Lee Raftery and Craig Evason, Deputy Headteacher and Assistant Head of Royal Liberty School in Romford, are leading on their school’s education recovery plans. They share how the interventions they’ve introduced have supported the pupils who need it most.
The catch-up funding we have received this year has been fundamental in allowing us to give extra provision and support to identified students. During lockdown our students followed their normal timetable on electronic devices sourced from both the school’s own supply and the DfE’s Get Help With Technology service. Students were identified for the first wave of catch-up through a number of factors, including disadvantage, those who struggled to engage in online learning and those with lower literacy and numeracy levels. Increasing literacy and numeracy will ultimately have a significant benefit in progress across the curriculum.
We have put in place a fully comprehensive catch-up programme to make sure none of our pupils are disadvantaged as a result of the pandemic.
- We accessed the National Tutoring Programme and were assigned a Teach First academic mentor in maths. This is a full-time member of staff who has a full timetable, working with approximately 5 students in each year group. These students receive between 6-9 hours of small group maths tuition a fortnight.
- We have hired an English tutor for one day a week who worked with small groups across all years. This tuition is heavily subsidised and allows us to have high-quality, targeted support for the students who need it without placing additional demands on existing teaching staff. In the first term these sessions were targeted mainly at disadvantaged students, with progress monitored half-termly. The sessions continued virtually throughout lockdown, which wasn’t just great for the pupils receiving the support, it was a relief to their parents too who were concerned about the impact of lost face-to-face teaching time.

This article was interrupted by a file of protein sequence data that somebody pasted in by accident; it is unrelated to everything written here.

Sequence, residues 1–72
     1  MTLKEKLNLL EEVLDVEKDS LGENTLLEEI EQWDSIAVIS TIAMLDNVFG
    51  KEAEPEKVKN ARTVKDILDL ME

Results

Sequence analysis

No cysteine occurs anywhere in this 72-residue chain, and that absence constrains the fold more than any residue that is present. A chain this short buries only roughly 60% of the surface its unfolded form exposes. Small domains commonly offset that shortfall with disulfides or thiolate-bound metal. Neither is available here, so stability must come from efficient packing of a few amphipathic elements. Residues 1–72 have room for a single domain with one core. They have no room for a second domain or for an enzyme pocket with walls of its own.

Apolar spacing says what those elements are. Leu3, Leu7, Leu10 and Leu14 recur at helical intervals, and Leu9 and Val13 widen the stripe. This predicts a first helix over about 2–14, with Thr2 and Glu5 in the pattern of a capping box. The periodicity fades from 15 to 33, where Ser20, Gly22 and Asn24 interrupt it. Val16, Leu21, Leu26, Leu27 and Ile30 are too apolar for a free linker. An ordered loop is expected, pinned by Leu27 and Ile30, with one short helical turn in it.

- We also identified other subjects which students found challenging in the first lockdown. Through the National Tutoring Programme, we delivered MFL and science sessions after school, with the students in class and the tutor signing in remotely. The tutors provided effective communication and feedback to teachers on strengths and further areas for development, with 100% of students making progress through the French and Spanish sessions.
- In addition to using external providers, we also utilised our own teaching staff and have introduced a compulsory period 6 lesson for year 10 and 11 students. This has provided additional time to focus on content along with addressing gaps in students' learning. We have also utilised the small number of under timetabled staff to deliver small group withdrawal sessions during the timetabled day along with booster sessions in year 8 and 9 in Maths after school.
We can see that pupils are making progress, showing the success of these interventions across the curriculum. It’s clear the pupils are getting a lot out of them too:
Since being at these interventions my English has improved massively and I know this will benefit me now and forever!
Year 8 student
Because of this some of my teachers have seen an improvement and said how well my writing is structured and how I use my punctuation correctly.
Year 8 student
I now enjoy school more because of this.
Year 8 student - this one has particular relevance as the student did not want to go to interventions and did not engage with school. Since these interventions, he has been in school every day and his progress and positive attitude has been noticeable.
Overall I think the intervention sessions have played a huge role towards my grade improving.
Year 11 student
I found the Spanish intervention really useful towards my progress. Coming out of lockdown has been difficult for many and I found it especially hard to concentrate, luckily I was given the opportunity for two hour a week intervention. This intervention was extraordinary as the tutor is able to focus and pin down on your weakness and it has helped me personally go from a 1+ to a 4+, which has also helped me push harder in other subjects. These interventions have made it possible!
Year 11 student.
Find out more about the National Tutoring Programme
All state-maintained schools can access tutoring subsidised by 75% through the National Tutoring Programme, to support pupils who need extra help.
- Schools can search for approved NTP Tuition Partners and enquire directly with providers. Online tutoring can be provided to pupils at home or in school.
- The NTP are offering bespoke information sessions in local areas for groups of schools. Please contact email@example.com for more information.
Find out how you can use the Catch-Up Premium towards the National Tutoring Programme.
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